- Environment. Drought plus farming practices that damaged soil caused the Dust Bowl. Livestock, crops, and machinery were destroyed, and more people were put out of work. About 800,000 so-called Okies moved to California looking for jobs (John Steinbeck's The Grapes of Wrath deals with this).
Rise of extremism in Germany leads to election of Adolf Hitler; election of Franklin Delano Roosevelt over Herbert Hoover brings New Deal in America; Smoot-Hawley policy eroded trust and cooperation between nations.
"Brother, can you spare a dime?"
(refrain from a popular song from 1931)
"…the only thing we have to fear is fear itself."
(President Franklin Delano Roosevelt)
- Science: Climate Change
The Earth has become about one degree (Fahrenheit) warmer in the last century. No one is debating that fact, but there is considerable debate about why this warming is happening and how, if at all, we can stop it.
- Science. Greenhouse effect—use of fossil fuels and electricity is tied to warming temperatures.
- Political. Countries that support this view are joining together to try to combat it. Kyoto Protocol of 1997 (came into effect in 2005) is a legally binding agreement of 186 countries to reduce greenhouse gas emissions.
- Economics. Cost benefit analysis: Is the price of compliance to reduce greenhouse gas emissions cost-effective? Should taxes be put on fuels in proportion to their carbon dioxide content?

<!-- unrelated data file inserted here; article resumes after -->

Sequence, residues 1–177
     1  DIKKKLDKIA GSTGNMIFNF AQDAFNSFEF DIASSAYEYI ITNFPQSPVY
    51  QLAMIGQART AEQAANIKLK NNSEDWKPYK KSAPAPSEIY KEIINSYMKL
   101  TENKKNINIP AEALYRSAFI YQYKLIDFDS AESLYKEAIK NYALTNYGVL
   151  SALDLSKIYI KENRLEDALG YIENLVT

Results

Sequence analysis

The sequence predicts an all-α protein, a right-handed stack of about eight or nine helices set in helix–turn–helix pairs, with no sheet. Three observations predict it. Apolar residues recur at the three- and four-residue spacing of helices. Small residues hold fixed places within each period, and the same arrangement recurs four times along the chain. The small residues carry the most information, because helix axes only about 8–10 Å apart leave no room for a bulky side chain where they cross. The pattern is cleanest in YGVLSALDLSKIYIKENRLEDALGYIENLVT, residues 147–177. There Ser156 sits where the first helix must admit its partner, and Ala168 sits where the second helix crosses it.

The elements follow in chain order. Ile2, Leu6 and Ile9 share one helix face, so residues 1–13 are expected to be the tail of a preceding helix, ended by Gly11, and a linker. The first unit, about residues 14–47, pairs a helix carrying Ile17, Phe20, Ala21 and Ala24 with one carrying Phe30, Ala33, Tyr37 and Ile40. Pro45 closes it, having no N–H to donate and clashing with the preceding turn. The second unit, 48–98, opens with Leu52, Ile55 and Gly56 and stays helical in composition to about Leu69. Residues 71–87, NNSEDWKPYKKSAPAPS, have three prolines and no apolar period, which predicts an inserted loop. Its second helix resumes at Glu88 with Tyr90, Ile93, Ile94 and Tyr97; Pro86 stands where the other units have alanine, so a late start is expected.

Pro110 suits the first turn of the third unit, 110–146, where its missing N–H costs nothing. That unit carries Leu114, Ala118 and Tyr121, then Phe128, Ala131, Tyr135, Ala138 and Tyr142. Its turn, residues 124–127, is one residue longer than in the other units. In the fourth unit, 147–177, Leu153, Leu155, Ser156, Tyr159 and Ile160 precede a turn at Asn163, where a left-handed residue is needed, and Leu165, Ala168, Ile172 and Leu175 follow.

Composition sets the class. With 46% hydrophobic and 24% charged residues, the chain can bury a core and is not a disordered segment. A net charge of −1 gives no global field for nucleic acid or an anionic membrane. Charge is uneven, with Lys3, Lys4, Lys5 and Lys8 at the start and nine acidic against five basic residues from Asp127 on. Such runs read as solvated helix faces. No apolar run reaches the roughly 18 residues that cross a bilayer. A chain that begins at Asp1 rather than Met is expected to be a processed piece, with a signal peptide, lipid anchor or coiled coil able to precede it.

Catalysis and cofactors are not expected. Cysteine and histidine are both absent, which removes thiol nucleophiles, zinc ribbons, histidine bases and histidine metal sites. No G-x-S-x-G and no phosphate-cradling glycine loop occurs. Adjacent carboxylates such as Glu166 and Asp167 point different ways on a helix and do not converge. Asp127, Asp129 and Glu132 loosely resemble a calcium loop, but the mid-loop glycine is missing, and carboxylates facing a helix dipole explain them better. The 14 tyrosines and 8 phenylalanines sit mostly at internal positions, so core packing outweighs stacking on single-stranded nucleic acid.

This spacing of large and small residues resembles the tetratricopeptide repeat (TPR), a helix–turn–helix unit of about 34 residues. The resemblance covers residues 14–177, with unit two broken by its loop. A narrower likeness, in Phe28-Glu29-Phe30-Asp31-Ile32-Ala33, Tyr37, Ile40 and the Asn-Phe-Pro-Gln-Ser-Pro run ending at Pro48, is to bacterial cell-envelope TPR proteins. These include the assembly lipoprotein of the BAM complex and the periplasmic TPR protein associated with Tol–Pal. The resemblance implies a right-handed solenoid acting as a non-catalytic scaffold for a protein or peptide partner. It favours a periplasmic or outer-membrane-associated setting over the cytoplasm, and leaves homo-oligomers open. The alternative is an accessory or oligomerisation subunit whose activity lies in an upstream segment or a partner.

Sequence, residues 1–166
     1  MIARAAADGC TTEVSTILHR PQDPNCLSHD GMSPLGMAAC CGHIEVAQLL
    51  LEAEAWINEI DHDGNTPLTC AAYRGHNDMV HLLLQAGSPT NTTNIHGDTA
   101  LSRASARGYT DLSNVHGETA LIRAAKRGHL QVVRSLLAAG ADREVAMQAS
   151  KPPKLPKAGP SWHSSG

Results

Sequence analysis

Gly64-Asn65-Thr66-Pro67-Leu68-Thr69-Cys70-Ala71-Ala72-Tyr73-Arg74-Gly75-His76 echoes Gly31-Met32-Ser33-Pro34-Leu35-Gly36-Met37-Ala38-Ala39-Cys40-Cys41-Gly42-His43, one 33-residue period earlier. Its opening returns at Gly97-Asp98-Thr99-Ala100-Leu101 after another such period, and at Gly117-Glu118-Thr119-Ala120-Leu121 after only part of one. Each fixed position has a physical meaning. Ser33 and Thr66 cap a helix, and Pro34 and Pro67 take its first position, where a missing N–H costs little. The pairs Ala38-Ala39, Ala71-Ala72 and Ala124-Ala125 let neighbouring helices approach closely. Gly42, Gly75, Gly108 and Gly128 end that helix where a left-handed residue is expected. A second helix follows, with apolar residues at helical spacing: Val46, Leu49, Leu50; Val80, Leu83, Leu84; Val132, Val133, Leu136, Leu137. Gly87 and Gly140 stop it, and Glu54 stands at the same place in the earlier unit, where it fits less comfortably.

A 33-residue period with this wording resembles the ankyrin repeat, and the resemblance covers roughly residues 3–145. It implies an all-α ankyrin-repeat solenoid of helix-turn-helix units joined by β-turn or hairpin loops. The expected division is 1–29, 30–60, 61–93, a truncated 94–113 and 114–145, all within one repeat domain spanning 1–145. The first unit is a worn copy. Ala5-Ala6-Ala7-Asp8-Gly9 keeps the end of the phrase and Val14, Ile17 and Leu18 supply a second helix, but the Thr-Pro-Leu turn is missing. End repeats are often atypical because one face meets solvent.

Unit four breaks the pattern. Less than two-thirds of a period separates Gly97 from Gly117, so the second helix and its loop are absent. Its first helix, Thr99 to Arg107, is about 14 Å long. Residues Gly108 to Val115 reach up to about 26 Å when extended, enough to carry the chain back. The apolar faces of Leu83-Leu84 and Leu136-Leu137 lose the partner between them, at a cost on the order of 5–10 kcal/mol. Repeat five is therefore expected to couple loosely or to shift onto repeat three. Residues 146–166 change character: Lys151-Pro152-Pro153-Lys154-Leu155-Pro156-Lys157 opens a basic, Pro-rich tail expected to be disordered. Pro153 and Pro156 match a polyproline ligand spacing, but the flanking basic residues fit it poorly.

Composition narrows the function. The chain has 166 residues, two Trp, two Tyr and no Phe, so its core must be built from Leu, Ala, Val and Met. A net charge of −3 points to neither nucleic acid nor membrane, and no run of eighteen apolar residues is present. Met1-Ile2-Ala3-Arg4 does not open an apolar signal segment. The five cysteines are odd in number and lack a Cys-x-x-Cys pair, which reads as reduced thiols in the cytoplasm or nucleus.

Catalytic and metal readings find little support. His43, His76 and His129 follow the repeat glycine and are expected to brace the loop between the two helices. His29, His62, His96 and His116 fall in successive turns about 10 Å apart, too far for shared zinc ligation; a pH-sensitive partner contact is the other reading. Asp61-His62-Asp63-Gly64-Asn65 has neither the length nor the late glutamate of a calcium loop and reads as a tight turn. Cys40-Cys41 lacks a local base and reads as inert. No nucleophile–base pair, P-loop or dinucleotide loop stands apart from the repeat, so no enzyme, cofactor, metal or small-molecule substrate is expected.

- Agriculture. Agriculture is very vulnerable to climate change. This could challenge countries whose GDP is dependent on agriculture; may be harder to produce enough food for the world population.
- Technology. How can we get energy without emitting greenhouses gases? There is an effort to find/make alternative, nonpolluting energy sources; clean coal is being explored, as well as geo-engineering solutions, such as increasing cloud formations and the amount of CO2 absorbed by oceans.
"The danger posed by war to all of humanity—and to our planet—is at least matched by the climate crisis and global warming."
(UN Secretary General Ban Ki-Moon)
"Few challenges facing America—and the world—are more urgent than combating climate change."
(President Barack Obama)
- Historical Biography: Thomas Edison